Namaste to All

Rarely do I link off my blog page to another article or blog.  So here’s a rare moment.  Here’s an article I can relate to.  And, no I’m not gay/lesbian.  What I am is a living example of what Darren Main, the author of this article, recommends.  How?  For years, I’ve walked the streets in the DC Metro area and I smile at people I don’t know.  I even say “hello” to strangers.  Why not?  It makes life a little easier, peaceful, fulfilling —I can add more adjectives but I would prefer you find your own by trying it.

Why not make someone else’s day a little better with a smile and hello?  Or simply, a silent Namaste?  What are you afraid of?  Strangers don’t bite.  Strangers aren’t strange.  They are just like you and me.  We’re all here together —why not honor that.  Even back in 2003 when I worked in the corporate world, I would walk the mile-long corridor at MCI in Ashburn (at least it felt like a mile), smile and say “hello” to anyone that passed by me.  I can still remember my colleagues saying “Wow, you know a lot of people here”.  I would respond “No, I don’t “know” them, I just said hello and smiled.”  My attitude was always “Why not?  We all work together.  The day goes by faster when you’re positive”.

Here are just a few excerpts from Darren’s article:  “Virtually every yoga class anywhere in the world ends with everyone bowing to each other and saying, “Namaste.” Simply put, it means, “The divine in me honors the divine in you.” Namaste is an acknowledgment of the innate worth inherent in every person you meet. It is also the acknowledgment of your own beauty.”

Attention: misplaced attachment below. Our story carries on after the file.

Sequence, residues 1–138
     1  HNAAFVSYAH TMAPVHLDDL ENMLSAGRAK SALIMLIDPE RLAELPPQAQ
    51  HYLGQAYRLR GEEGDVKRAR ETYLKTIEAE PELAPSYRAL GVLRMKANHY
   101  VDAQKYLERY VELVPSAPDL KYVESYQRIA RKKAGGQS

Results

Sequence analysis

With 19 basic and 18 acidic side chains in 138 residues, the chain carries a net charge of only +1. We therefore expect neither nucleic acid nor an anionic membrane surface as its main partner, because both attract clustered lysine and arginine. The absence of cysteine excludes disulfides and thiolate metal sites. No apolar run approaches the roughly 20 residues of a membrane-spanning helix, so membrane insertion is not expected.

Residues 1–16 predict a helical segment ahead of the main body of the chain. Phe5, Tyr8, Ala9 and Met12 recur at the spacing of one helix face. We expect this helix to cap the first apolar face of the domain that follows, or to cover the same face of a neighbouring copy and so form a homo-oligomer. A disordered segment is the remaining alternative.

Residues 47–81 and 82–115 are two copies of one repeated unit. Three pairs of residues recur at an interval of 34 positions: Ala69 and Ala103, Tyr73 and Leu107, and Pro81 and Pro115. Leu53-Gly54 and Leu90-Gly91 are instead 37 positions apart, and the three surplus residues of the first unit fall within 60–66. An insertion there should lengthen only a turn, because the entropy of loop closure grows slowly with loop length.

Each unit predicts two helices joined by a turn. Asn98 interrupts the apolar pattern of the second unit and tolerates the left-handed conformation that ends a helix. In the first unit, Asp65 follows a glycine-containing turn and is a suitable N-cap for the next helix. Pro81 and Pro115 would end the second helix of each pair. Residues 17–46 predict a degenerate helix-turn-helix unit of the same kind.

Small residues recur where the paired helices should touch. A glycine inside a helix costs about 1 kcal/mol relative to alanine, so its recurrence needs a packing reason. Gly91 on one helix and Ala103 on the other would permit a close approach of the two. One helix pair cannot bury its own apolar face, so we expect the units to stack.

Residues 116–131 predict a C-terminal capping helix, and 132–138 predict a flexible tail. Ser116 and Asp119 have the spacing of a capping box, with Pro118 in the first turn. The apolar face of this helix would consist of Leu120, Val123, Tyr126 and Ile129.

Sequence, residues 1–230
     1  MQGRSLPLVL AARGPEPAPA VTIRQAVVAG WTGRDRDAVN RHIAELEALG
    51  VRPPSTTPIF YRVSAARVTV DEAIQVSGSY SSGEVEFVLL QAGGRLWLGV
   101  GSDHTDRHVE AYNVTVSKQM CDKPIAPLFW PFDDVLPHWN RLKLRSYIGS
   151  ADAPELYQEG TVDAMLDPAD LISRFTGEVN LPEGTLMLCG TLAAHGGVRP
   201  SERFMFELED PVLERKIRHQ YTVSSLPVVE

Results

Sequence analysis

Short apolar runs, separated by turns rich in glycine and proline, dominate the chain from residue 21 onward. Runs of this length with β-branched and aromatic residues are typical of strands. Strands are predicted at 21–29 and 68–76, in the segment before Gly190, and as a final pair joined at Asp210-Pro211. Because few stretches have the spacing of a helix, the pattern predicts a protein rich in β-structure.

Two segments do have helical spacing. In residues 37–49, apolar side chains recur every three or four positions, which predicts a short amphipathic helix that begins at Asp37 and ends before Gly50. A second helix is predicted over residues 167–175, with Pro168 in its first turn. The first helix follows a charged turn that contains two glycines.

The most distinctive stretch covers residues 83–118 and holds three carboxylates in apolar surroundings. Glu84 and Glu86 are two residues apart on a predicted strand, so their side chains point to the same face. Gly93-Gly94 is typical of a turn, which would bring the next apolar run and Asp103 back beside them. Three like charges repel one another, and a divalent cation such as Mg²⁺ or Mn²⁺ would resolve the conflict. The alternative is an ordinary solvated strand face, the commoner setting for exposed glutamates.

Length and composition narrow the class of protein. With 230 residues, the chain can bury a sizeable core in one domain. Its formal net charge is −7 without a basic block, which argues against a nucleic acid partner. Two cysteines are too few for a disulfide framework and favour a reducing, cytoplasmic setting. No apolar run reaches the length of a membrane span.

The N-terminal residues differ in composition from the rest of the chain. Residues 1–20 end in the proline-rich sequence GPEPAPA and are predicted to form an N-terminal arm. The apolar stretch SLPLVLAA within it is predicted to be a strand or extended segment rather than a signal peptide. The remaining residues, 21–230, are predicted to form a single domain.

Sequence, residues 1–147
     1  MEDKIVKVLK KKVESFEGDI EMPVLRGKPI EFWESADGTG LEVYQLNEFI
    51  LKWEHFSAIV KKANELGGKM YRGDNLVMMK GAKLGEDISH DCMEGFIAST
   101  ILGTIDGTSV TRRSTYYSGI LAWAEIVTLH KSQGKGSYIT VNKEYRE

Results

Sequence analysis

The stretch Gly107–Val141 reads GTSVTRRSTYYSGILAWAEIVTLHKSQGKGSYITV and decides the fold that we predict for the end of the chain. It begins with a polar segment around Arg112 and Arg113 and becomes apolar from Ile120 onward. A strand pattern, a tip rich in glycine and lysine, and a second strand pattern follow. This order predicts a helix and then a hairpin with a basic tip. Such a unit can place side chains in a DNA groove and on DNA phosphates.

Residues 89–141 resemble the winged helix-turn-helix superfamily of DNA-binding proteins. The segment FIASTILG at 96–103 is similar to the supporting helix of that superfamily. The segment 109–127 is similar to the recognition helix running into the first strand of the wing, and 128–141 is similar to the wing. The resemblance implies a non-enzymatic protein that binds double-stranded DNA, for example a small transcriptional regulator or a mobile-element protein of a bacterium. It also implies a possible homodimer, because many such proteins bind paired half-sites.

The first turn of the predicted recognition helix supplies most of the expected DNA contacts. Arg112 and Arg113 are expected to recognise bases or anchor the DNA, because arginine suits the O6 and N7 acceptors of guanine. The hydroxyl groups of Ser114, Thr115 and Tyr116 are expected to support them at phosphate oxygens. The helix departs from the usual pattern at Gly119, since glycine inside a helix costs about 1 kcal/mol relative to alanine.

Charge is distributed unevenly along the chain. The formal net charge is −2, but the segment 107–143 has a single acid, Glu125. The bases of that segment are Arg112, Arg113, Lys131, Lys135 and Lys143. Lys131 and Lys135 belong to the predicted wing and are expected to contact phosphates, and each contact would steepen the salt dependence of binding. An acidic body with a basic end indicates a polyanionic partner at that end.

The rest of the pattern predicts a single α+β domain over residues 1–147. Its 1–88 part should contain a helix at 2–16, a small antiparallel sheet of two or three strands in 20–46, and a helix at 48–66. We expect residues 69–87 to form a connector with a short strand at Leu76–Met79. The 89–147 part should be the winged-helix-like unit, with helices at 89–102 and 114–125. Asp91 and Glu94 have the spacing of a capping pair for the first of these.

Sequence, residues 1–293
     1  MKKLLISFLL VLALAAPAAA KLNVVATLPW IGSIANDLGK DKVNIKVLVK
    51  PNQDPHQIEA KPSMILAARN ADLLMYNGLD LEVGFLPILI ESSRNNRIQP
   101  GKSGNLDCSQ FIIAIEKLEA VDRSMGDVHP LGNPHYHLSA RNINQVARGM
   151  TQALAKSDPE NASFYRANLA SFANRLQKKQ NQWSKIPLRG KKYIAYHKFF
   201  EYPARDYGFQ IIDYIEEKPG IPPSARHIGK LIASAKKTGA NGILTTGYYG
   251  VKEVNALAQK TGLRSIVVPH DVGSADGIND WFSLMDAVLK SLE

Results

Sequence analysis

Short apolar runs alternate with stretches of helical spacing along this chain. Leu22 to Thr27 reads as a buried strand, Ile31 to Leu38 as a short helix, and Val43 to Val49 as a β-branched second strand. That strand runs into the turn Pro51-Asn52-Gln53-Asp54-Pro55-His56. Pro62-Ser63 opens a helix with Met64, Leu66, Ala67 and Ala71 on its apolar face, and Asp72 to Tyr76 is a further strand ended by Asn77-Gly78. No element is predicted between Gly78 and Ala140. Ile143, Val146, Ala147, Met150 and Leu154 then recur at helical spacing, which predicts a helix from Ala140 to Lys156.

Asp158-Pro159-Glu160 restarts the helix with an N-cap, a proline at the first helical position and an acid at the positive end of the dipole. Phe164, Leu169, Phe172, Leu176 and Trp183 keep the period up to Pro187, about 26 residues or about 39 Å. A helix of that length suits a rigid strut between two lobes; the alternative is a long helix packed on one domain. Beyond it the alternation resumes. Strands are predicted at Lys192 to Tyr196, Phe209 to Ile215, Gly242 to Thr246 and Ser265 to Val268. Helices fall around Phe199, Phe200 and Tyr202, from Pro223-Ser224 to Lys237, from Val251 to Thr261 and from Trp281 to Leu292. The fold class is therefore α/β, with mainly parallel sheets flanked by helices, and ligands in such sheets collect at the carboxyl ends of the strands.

“As we bowed to each other and said, “Namaste,” I really felt it. Saying “Namaste” is a lot like saying “I love you” — if you say it out of habit, obligation or ritual it doesn’t mean anything. But when you say it and really mean it, a powerful energy washes through you and every cell in your body lights up.”

“And so, I offer you a spiritual practice. It is one that I have been working on since that night: to offer a silent Namaste to everyone you meet. The next time you are at the gym, smile at everyone, and not just the ones you want to sleep with. In a café give a nod to the person across from you. When you are at a party or club, try to notice everyone and see his or her value. After all, what good is your spiritual practice — be it yoga, prayer, meditation, or attending a church or synagogue — if you don’t learn how to say “Namaste” and really mean it?”

Thank you Darren.

One response to this post.

  1. Posted by Greg on December 20, 2007 at 1:03 am

    At Texas A&M University, it was common practice to smile and say “howdy” to passer-bys. I still enjoy the practice today, since it usually results in a corresponding smile and “hello”. We all need a little pick-up from time to time, and even a Texas-style Namaste gets the job done.


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